The Toxic Ten Assumptions of the Legal Profession

WCCI WILLIAM C. COBB(1)

The ten most toxic assumptions in the legal profession that will eventually kill the profession:

THE TOXIC TEN

  1. Effort is equal to value. The number of billable hours is a primary driver of profitability.
  2. Consumers will always need lawyers to interpret the law. Lawyers have a monopoly on the interpretation of the law.
  3. The lawyer, as a supplier, determines what is value added service. Not the client.
  4. Leverage of other lawyers is the key to law firm profitability.
  5. Young lawyers want to work for law firms and become owners.
  6. The practice of law is a profession and not a business.
  7. The quality of legal services is based upon the experience and expertise of the lawyer.
  8. The needs of the market have nothing to do with the strategy and structure for the delivery of legal services. The lawyers define the structure for the delivery of legal services.
  9. What lawyers have done in the past is the practice of law.
  10. The practice of law will always be regulated by the courts.


DISCUSSION OF FALSE ASSUMPTIONS:   WHY THESE ASSUMPTIONS ARE TOXIC.

1.  Effort is equal to value. The number of billable hours is a primary driver of profitability. False Assumption!

The shift from producer to consumer power creates a new model for the determination of value added.

  • The Cobb Value Curve. See Figure 1.
  • The Quality versus Service Grid. See Figure 2.

Consumers will determine value added, not the producer law firm.


2.  Consumers will always need lawyers to interpret the law. Lawyers have a monopoly on the interpretation of the law. False Assumption!

  1. E-Commerce will give consumers access to any and all information currently controlled by the legal profession.
  2. Expert systems are being created every day to solve consumer problems by those outside of the legal profession.
  3. MDP organizations will do what lawyers thought was their purview. UPL will fail.

3.  The lawyer, as a supplier, determines what is value added service. Not the client. False Assumption!

  1. Clients and consumers are gaining power through sophistication and access to information through e-commerce and software programs.
  2. Value will be added by consultations, and not by the production of legal products. See Figure 2.

4.  Leverage of other lawyers is the key to law firm profitability. False Assumption!

  1. Effectiveness in determining what services to perform will eliminate leverage. Making correct choices based upon the needs of the client and the importance of the issue to the client will become key to client satisfaction.
  2. Efficiency in the delivery of legal services will eliminate leverage of other lawyers. Performing those tasks as chosen to be critical will be performed with the minimum of investment of time and other resources.
  3. Specialists and out-sourced services will replace lawyers within law firms.

5.  Young lawyers want to work for law firms and become owners. False Assumption!

  1. There is a war for talent. Young lawyers want to go where they can find exciting projects and brand themselves.
  2. Young lawyers' loyalty is to their careers, and not to their employer.
  3. Why become an owner of an institution that has no definitive position?
  4. Would young lawyers rather invest their livelihood and future fortunes in the law firm, or some "dot.com" company?

6.  The practice of law is a profession and not a business. False Assumption!

  1. If the practice of law is not moved to the understanding as a business, firms will not deal with the requirements to add value through effectiveness and efficiency.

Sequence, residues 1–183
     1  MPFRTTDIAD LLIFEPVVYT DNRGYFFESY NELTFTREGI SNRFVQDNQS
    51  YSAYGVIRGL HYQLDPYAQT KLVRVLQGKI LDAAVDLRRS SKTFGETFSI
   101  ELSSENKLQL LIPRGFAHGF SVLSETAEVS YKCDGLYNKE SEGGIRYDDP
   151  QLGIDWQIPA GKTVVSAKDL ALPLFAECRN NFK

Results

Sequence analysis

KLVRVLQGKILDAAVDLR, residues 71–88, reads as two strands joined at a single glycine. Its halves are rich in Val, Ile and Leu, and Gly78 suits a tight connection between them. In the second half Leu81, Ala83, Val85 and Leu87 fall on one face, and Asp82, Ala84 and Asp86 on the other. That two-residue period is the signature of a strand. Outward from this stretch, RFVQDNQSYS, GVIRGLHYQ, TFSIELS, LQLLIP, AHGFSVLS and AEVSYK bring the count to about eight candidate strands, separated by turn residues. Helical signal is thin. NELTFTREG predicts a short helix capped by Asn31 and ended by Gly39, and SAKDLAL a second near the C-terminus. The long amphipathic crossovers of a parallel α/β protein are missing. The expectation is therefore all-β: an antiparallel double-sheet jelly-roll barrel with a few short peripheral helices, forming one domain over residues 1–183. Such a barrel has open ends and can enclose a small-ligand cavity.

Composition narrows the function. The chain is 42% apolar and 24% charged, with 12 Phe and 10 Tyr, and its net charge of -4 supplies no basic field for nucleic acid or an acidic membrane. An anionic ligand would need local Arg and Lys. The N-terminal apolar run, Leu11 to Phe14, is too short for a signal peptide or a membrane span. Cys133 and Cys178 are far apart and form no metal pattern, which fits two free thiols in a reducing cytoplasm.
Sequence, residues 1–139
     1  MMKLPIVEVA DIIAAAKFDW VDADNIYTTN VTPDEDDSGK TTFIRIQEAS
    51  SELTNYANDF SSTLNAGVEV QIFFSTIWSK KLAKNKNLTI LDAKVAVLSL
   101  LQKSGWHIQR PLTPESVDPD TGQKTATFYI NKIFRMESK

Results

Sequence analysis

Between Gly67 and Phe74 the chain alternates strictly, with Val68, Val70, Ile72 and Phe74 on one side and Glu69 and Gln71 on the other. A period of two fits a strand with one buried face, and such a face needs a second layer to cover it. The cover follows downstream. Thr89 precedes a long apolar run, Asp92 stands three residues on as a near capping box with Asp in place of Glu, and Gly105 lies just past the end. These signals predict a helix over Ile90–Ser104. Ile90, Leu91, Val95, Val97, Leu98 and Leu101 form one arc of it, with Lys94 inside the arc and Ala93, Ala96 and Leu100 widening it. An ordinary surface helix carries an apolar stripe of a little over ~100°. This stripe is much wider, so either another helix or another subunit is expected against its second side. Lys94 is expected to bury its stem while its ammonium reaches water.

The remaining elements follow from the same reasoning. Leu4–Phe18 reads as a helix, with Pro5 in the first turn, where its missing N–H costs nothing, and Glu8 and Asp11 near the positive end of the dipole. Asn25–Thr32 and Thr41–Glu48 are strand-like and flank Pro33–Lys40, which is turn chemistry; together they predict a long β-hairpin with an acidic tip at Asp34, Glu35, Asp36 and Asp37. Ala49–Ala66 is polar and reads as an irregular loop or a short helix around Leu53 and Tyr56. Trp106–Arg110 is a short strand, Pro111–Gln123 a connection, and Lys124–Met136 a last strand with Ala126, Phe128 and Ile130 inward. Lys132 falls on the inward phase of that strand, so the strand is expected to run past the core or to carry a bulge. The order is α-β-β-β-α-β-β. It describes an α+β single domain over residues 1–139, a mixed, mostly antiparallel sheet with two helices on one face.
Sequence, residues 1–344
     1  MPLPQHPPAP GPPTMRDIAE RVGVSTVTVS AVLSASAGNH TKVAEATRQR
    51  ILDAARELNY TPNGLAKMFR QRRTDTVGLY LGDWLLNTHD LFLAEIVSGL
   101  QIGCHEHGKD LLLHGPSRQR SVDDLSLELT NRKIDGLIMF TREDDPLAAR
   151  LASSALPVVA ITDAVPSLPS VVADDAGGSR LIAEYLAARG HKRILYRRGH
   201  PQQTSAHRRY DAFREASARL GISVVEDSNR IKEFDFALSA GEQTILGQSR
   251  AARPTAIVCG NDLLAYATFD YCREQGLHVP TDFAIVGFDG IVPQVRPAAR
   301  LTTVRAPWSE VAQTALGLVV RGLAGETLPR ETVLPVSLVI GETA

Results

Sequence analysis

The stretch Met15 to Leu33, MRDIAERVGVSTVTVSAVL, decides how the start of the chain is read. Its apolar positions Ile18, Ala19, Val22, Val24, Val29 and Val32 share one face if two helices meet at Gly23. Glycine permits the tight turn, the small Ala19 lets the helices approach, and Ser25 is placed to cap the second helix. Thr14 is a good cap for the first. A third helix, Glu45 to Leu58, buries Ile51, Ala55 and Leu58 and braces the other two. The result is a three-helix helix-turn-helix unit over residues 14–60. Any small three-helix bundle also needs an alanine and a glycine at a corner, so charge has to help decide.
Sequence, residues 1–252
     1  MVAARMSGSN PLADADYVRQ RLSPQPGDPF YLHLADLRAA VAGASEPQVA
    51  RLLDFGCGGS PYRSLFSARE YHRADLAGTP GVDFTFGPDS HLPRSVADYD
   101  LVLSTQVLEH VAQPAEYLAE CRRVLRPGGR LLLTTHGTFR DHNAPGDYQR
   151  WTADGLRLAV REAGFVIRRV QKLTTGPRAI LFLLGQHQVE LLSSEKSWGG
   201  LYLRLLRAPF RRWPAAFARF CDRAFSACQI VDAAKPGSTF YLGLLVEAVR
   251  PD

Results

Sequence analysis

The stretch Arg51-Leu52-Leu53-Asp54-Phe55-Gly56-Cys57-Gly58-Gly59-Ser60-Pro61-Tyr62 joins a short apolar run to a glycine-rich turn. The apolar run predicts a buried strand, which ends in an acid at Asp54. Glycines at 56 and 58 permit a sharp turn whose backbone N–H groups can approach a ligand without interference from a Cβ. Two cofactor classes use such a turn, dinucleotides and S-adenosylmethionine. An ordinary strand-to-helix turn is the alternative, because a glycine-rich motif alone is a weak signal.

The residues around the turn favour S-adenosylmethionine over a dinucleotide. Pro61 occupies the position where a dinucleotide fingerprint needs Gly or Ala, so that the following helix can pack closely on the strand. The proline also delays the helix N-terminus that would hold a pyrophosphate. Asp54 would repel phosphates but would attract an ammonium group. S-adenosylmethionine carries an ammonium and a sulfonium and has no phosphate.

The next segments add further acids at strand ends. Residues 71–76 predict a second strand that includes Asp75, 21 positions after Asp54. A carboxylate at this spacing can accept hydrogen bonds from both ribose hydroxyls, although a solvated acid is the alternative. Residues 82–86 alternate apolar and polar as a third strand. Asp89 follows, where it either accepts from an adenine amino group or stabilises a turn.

2. Law practices are a business employing many who depend on the future of the firm. Unless firms focus on the business of meeting client needs, and restructure to perform required activities, they will become irrelevant just as any normal business would.
  3. Law firms become client-driven, not capacity-driven. See the article "Creating the Client-Driven Firm" by William C. Cobb.

7.  The quality of legal services is based upon the experience and expertise of the lawyer. False Assumption!

  1. Quality of service will be judged and therefore based upon service and usefulness, not just experience and expertise. See Figure 2.
  2. Lawyers' value will be judged by their ability to solve problems, not their mere expertise.

8.  The needs of the market have nothing to do with the strategy and structure for the delivery of legal services. The lawyers define the structure for the delivery of legal services. False Assumption!

  1. Firms must face the market and structure the services they deliver to meet those needs.
  2. The old structural definitions determined by the product do not fit the market needs. Consumers do not buy the products law firms sell.
  3. Example of the loan transaction:  Some sophisticated consumers of legal services, such as banks, are interested in sitting down with their suppliers of legal and related services to determine the best method to handle the documentation of loans. By dividing the loan documentation function into discrete tasks, such as, application review and approval, underwriting review, communication to customer, document drafting, forms preparation, title examination, legal compliance review, loan closing and similar functions, the bank could break down the loan documentation function into small discrete tasks and either perform the tasks within its organization or out-source the discrete tasks to competent individual providers. Obviously, some tasks require the involvement of an attorney, but most of these tasks do not. If the bank follows best management practices, it may seek to out-source the entire loan documentation function to one or more providers, but to do so under terms that permit the bank to take advantage of the benefits flowing from Keiretsu-type relationships, such as strategic planning, coordination, cost control, and the other benefits.
  4. Clients buy solutions and not products.


9.  What lawyers have done in the past is the practice of law. False Assumption!